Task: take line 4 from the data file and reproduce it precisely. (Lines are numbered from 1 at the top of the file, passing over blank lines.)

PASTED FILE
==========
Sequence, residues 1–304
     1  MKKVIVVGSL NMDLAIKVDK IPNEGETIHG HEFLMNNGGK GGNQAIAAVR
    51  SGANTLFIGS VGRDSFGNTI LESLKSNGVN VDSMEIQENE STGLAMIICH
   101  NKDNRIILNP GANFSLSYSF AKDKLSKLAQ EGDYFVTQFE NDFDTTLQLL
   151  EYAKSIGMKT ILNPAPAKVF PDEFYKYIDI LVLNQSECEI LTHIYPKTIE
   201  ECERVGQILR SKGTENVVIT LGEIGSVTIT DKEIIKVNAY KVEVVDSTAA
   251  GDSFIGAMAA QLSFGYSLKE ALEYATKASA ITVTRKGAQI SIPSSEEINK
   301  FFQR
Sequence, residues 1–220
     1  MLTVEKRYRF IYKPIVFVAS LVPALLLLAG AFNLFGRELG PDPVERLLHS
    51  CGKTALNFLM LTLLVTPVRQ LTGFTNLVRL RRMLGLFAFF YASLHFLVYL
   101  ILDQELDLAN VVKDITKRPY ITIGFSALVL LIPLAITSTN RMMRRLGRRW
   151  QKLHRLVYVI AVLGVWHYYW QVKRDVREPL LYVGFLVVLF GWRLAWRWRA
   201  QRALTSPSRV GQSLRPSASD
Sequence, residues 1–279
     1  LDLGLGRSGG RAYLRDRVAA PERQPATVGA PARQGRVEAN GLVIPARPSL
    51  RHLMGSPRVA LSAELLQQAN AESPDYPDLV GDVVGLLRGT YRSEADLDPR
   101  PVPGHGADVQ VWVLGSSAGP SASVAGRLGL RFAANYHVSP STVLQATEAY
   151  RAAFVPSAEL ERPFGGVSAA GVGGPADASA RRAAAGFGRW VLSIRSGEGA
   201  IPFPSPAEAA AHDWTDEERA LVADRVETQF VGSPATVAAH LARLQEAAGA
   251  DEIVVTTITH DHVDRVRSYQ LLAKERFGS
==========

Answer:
   101  NKDNRIILNP GANFSLSYSF AKDKLSKLAQ EGDYFVTQFE NDFDTTLQLL